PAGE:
Ravinder Rai and Sebastián Benítez: ‘DIVERSIONS’

DIVERSIONS was a duo exhibition of works by Ravinder Rai and Sebastián Benítez, curated by Devan Patel. It was a Featured exhibition within the 2016 Toronto CONTACT Photography Festival, and was on display from April 28th to May 15th, 2016 at Project Gallery (1109 Queen St. E).

Ravinder Rai is an emerging visual artist based in Toronto, Canada. He is currently completing a BFA in Photography, at Ontario College of Art and Design University. In 2014 Rai participated in the Artscape Gibraltar Point Residency on Toronto Islands. He has also interned at Stephen Bulger Gallery in Toronto, Ontario.

Sebastián Benítez is a visual artist living in Toronto, originally from Caracas, Venezuela. Sebastian completed his BFA at Ontario College of Art and Design University and has shown at exhibitions internationally.

Ravinder Rai_Unicorn In Captivity_2016

Unicorn In Captivity, Ravinder Rai, (2016)

Q: I love how your and Sebastián’s art works so well together; the pieces fit aesthetically and thematically. How has your creative involvement with Sebastián helped to inform your current work for this exhibition?

When it came to developing the images for DIVERSIONS Sebastián and myself both communicated an interest in using objects to explore themes regarding queerness.  In his work, he traverses the motivations behind “queer objects” and the narratives they perpetrate; in a complimentary fashion my photographs use objects to relay my own experiences and desires as a closeted individual.  We attended O.C.A.D. University together so we understand each other’s aesthetic pursuits and trusted each other’s ability to create an engaging dialogue about queer identity.

Q: Can you talk a bit about how the fanciful and fantastical imagery in your works allows you the freedom to address some of the deeper themes you explore?

I have always had an allure towards the union between melancholia and the fantastical.  Much like there is a certain beauty in some forms of destruction, I believe that the fantastical lends itself to be the vehicle for more sobering themes.  In this sense, the images depict fanciful displays but just beneath the surface they originate from a less wondrous place/thought.

Cruising_Ravinder Rai

Cruising, Ravinder Rai (2016)

Q:  There is a sculptural element within many of your compositions. What does this clever use of visual language mean within the context of your works?

I have always had an interest in objects and the narratives that are generated when a cluster of them are paired together.  So, it was a natural progression to begin to curate these objects in order to control the narratives that they suggest.  Using objects as communicators allowed me to project my concerns onto the still-lifes, while my physical absence allowed me to remain closeted.

Q:  I imagine your photographs as windows onto a larger story, or dialogue. How do you create the scenes that become your photographs, and can you speak a bit about the storyline that exists behind them?

The process behind my images relies heavily on the objects I find and the ways in which I can pair them together to convey gestures of lived experiences, thoughts and desires.  In terms of the storylines being explored the title of each artwork provides a glimpse into their origins.

Q: Who are a few artists who inspire you?

Recently, I have been interested in Fausta Facciponte, Shary Boyle & Laura Letinsky, and their use of objects in their respective practices.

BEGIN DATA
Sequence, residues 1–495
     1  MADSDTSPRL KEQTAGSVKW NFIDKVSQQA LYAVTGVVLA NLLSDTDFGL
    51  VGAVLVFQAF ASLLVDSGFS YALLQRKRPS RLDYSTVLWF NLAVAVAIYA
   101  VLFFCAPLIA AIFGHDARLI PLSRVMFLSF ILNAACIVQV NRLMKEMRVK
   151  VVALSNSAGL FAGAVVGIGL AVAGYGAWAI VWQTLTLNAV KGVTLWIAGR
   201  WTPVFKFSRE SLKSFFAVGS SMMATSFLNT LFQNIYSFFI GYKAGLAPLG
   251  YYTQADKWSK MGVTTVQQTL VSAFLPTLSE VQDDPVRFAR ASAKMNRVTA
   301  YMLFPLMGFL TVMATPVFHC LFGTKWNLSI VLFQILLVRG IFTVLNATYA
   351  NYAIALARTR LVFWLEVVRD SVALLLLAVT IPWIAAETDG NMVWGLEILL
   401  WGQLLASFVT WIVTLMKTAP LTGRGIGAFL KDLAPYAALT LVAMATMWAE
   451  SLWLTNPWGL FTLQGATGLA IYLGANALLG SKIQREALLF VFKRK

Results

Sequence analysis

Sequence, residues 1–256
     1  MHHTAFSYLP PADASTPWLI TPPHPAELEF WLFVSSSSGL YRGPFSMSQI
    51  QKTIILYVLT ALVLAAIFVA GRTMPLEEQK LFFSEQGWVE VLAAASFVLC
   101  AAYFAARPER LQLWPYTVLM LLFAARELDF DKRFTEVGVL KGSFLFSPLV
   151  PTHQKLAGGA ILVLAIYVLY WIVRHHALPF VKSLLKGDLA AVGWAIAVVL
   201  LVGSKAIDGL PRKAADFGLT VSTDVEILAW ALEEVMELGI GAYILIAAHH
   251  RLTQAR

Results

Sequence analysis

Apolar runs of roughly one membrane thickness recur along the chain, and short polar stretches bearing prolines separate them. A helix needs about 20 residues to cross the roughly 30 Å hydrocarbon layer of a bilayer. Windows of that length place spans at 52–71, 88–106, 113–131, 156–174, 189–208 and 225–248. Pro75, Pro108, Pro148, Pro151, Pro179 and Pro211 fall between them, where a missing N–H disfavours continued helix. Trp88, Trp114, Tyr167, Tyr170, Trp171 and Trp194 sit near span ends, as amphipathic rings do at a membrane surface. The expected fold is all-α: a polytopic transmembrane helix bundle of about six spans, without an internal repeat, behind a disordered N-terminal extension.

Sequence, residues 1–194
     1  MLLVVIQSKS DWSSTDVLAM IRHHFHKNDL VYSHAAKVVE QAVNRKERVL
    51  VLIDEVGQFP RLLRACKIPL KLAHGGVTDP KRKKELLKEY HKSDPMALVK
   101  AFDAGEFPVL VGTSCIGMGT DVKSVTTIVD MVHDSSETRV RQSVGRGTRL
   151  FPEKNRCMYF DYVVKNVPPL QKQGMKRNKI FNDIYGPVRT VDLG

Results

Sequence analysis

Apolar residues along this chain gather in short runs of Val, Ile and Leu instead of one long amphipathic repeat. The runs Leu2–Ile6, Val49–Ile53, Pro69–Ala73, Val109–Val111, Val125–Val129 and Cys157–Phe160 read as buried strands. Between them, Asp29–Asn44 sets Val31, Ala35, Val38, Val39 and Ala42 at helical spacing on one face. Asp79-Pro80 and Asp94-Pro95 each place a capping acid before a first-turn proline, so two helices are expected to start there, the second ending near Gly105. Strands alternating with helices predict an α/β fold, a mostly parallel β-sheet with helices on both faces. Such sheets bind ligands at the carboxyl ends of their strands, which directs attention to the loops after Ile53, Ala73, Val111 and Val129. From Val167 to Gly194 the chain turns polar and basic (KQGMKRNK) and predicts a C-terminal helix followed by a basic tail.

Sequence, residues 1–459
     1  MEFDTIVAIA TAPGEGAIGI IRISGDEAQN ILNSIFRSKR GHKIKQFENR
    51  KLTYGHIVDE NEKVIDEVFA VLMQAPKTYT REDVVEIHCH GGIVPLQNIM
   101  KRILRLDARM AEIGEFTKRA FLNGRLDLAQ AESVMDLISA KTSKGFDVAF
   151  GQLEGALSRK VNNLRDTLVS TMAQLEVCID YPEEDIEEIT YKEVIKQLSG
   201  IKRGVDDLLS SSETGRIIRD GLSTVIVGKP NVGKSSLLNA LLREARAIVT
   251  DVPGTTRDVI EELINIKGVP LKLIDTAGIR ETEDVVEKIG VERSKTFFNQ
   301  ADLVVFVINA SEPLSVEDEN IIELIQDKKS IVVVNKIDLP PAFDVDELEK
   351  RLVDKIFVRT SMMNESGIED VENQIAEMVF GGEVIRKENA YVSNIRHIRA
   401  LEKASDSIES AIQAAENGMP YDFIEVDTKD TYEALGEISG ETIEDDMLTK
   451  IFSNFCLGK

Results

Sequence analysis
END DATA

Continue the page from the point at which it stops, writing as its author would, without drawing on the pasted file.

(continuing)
Q: I love how your and Ravinder’s art works so well together; the pieces fit aesthetically and thematically. How has your creative involvement with Ravinder helped to inform your current work for this exhibition?

Thanks! It was a very interesting process. I’ve known Ravinder and his work for several years now, as we both graduated from the same program at OCADU, and I’ve been wanting to collaborate him for a long time. After we were approached to have the show, we sat down and discussed what are the common points in our works, and besides there being an aesthetic dialogue, we also agreed that we both had a tendency to refer to objects as sitters, or proxies, in our work. I think we took it from and started to figure out what were we doing.

Q: Your works have a certain playful humour, perhaps brought about in part by your use of everyday objects when creating the compositions for your pieces. Why do you choose to use these ordinary, often disposable objects,  when creating your pieces and how does this help to express the themes of your work?

In my process, I like to take things outside of their context to see how they operate outside of the space that naturalizes them. In a way, I seek to understand what else is there to these objects and the ways in which we relate to them. It’s partly about the object, and partly about us, and the ways in which we negotiate everyday life and the public sphere.


Metrics, Sebastian Benitez (2015)

Q: What is your process behind the physical creation of your compositions, and then your photographing of them? 

It’s mostly trial and error and a lot of tests. Also collecting (hoarding) objects that I find interesting. Theres usually a lot of tape involved.

Q: I notice that your works are moving into an interdisciplinary realm with your creation of sculptural installations. Can you speak about this shift, or evolution, in your art?

It is something that just kinda happened on its own. I’m still fairly new to installations so I’d say most things are still experiments for me. At some point I started wondering how different would the relation to the compositions be if they were presented as installations in their own right, as opposed to being photographed.

Q:  Who are a few artists that inspire you?

Right now I’d say Dean Sameshima, Sunil Gupta and Martha Rosler.